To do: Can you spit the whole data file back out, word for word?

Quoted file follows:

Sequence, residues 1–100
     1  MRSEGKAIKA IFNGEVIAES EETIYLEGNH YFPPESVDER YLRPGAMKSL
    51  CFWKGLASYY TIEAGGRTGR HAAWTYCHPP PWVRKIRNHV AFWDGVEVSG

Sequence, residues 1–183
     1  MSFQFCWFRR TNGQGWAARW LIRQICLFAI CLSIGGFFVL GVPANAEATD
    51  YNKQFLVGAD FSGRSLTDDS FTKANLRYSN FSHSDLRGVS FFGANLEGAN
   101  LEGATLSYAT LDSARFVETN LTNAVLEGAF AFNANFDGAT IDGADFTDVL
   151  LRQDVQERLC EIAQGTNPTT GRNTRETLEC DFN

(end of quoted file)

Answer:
Sequence, residues 1–100
     1  MRSEGKAIKA IFNGEVIAES EETIYLEGNH YFPPESVDER YLRPGAMKSL
    51  CFWKGLASYY TIEAGGRTGR HAAWTYCHPP PWVRKIRNHV AFWDGVEVSG

Sequence, residues 1–183
     1  MSFQFCWFRR TNGQGWAARW LIRQICLFAI CLSIGGFFVL GVPANAEATD
    51  YNKQFLVGAD FSGRSLTDDS FTKANLRYSN FSHSDLRGVS FFGANLEGAN
   101  LEGATLSYAT LDSARFVETN LTNAVLEGAF AFNANFDGAT IDGADFTDVL
   151  LRQDVQERLC EIAQGTNPTT GRNTRETLEC DFN